Potting Mix II: Compost & Vermicast

KnowYourEssentials#2b

Good morning, fellow gardeners!

Thank goodness the haze situation seems to be getting better and the PSI levels have dropped; fresher air for everyone and for our plants too! Continuing from last week’s post on potting mix, this week we touch on compost and worm castings (vermicast) two very important components that provide our plants with the nutrients they need in order to fruit or grow better.

Compost

Compost is the single most important supplement which is made up of decayed organic matter that you can give your garden soil. Using compost improves soil structure, texture, and aeration and increases the soil’s water-holding capacity. Specifically, compost loosens clay soils and helps sandy soils retain water. Adding compost improves soil fertility and stimulates healthy root development in plants. The organic matter provided in compost provides food for microorganisms, which keeps the soil in a healthy, balanced condition. Nitrogen, potassium, and phosphorus will be produced naturally by the feeding of microorganisms, so few if any soil amendments will need to be added.


Composting
One may choose to buy bagged compost for your garden soil but making your own compost is not difficult at all. Furthermore, it is free AND good for the environment as you reduce food waste and turn them into something very useful instead. Thus, composting is an alternative method of dealing with waste and this helps conserve landfill space, especially in land tight Singapore.

Here is a video you can watch to know more about composting:

For many of us here who live in HDBs and cannot compost directly on soil, refer to this video instead for a useful guide on creating your own compost bin along your corridor:

Here’s also a useful table on the kinds of materials that can go into your compost:

Material

Carbon/Nitrogen

Info

 table scraps

Nitrogen

 add with dry carbon items

 fruit & vegetable scraps

Nitrogen

 add with dry carbon items

 eggshells

neutral

 best when crushed

 leaves

Carbon

 leaves break down faster when shredded

 grass clippings

Nitrogen

 add in thin layers so they don't mat into clumps

 garden plants

--

 use disease-free plants only

 lawn & garden weeds

Nitrogen

 only use weeds which have not gone to seed

 shrub prunings

Carbon

 woody prunings are slow to break down

 straw or hay

Carbon

 straw is best; hay (with seeds) is less ideal

 green comfrey leaves

Nitrogen

 excellent compost 'activator'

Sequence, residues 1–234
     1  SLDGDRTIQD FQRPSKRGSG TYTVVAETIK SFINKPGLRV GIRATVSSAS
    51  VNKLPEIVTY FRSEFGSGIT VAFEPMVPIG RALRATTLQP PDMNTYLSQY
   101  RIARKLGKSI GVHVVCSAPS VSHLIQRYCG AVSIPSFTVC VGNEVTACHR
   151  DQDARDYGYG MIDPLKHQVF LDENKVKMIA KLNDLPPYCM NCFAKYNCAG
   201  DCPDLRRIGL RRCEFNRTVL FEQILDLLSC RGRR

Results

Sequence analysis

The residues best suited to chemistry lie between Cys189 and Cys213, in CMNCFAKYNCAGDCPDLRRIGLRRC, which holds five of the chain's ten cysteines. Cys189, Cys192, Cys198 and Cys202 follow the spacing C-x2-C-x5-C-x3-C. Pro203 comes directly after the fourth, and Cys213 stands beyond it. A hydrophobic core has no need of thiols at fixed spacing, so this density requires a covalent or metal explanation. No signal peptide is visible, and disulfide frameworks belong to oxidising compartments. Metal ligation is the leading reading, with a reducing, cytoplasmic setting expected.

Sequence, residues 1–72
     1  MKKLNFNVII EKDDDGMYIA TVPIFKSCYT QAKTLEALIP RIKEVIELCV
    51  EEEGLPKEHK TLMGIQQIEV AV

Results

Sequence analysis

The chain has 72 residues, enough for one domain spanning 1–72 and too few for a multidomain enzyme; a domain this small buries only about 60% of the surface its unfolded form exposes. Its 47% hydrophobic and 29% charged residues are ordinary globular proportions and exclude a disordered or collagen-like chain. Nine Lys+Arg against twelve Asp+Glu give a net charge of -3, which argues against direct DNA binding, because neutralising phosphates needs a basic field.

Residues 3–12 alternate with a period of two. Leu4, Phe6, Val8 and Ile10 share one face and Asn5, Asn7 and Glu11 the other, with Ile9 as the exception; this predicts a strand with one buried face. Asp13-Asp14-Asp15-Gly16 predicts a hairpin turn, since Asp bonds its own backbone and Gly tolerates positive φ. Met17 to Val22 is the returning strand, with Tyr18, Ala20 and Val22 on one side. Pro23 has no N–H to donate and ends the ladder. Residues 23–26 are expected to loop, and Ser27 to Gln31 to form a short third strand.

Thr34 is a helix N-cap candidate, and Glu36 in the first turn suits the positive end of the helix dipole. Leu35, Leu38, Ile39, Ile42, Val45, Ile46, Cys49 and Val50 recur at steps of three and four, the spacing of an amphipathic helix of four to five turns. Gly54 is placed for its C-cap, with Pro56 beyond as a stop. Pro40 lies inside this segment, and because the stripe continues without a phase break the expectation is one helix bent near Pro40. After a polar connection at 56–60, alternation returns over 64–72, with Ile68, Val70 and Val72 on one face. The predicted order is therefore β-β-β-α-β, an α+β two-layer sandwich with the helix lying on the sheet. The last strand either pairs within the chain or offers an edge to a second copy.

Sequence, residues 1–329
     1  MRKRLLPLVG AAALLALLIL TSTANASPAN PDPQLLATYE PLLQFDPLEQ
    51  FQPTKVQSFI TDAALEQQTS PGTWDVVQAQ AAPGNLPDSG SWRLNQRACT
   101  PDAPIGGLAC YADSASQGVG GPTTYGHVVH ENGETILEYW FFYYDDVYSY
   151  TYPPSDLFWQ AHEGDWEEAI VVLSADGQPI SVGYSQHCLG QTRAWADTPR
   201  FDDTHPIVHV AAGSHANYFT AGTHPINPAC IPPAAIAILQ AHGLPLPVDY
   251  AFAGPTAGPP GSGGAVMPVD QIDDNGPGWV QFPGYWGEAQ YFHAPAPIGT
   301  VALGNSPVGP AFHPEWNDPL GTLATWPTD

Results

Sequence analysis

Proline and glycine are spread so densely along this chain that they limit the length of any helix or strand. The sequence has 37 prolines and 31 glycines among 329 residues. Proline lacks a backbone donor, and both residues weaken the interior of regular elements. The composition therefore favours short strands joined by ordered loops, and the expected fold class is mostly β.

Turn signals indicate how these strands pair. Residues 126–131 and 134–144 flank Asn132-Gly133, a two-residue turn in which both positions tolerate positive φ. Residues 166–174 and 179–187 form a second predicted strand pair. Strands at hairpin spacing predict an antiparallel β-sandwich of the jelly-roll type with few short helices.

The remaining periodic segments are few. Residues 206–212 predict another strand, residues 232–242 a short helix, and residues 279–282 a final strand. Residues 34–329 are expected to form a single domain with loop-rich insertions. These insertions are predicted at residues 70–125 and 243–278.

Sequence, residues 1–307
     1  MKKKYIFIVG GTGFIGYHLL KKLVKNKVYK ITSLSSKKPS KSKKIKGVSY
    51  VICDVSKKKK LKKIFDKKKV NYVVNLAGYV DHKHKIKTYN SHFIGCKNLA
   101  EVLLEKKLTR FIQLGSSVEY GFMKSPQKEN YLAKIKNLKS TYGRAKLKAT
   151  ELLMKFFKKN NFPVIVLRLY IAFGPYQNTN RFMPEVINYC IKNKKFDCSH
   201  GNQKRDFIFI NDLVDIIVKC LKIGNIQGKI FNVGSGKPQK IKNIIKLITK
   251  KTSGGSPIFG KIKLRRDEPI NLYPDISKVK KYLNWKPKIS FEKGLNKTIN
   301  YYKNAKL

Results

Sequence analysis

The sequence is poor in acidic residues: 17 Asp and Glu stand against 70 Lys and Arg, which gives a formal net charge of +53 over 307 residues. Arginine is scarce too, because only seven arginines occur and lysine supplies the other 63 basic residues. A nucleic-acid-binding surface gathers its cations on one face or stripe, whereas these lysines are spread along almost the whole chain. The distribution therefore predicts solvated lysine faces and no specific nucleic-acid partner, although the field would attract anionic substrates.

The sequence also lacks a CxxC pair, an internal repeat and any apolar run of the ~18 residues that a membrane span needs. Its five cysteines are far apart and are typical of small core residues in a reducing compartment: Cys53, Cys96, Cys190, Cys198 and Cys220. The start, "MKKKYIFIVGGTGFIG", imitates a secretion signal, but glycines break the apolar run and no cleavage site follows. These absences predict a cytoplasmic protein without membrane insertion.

pine needles

Carbon

 acidic; use in moderate amounts

 flowers, cuttings

Nitrogen

 chop up any long woody stems

 seaweed and kelp

Nitrogen

 apply in thin layers; good source for trace minerals

 wood ash

Carbon

 only use ash from clean materials; sprinkle lightly

 chicken manure

Nitrogen

 excellent compost 'activator'

 coffee grounds

Nitrogen

 filters may also be included

 tea leaves

Nitrogen

 loose or in bags

 newspaper

Carbon

 avoid using glossy paper and colored inks

 shredded paper

Carbon

 avoid using glossy paper and colored inks

 cardboard

Carbon

 shred material to avoid matting

 corn cobs, stalks

Carbon

 slow to decompose; best if chopped up

 dryer lint

Carbon

 best if from natural fibers

 sawdust pellets

Carbon

 high carbon levels; add in layers to avoid clumping

 wood chips / pellets

Carbon

 high carbon levels; use sparingly


Difference Between Compost and Fertilizer

The simplest way to distinguish between compost and fertilizer is this: Compost feeds the soil while fertilizer feeds the plants.

Fertilizer adds to the soil’s nutrient supply, but instead of feeding the soil food web, the ingredients in fertilizers are intended to meet the needs of fast-growing plants. However, soil that is regularly amended (i.e., improved) with compost becomes wonderfully dark and crumbly and often requires much less fertilizer compared to soil that has not yet benefited from regular helpings of compost.

 

Worm Castings/Vermicast

Worm castings are an organic form of fertilizer produced from earthworms. Also known as vermicast, worm castings manure is essentially earthworm waste, otherwise known as worm poo. As these creatures eat through compost, their waste creates an optimal soil enricher. Worm castings resemble football-shaped particles that improve soil aeration and drainage, as well as increase water retention in the soil.

Difference Between Compost and Worm Castings
The main difference between compost and worm castings is that compost has higher NPK (Nitrogen, Phosphorus & Potassium) values BUT worm castings have a huge positive effect on plant growth.  When up to 20% of the soil consists of worm castings, plants germinate better, grow faster, and produce higher yields. This is because worm castings have much higher percentages of humus than either soil or compost, which helps the castings hold more water and stay aerated, while also providing binding sites for micronutrients that would otherwise wash out of soil. The castings are also chock full of plant growth promoters like cytokinins and auxins, along with increased levels of micronutrients like calcium, magnesium, and sulfur.  Worm castings also host ten to twenty times as much microorganism activity as plain soil. 

If you are interested in creating your own worm bin, this video may be useful:

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Other useful articles:

http://homeguides.sfgate.com/banana-peels-orange-peels-garden-31257.html

http://www.wikihow.com/Make-Fertilizer-from-Banana-Peels

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Tl;dr? Just click on the embedded videos! Till next week, Happy Gardening :)

 

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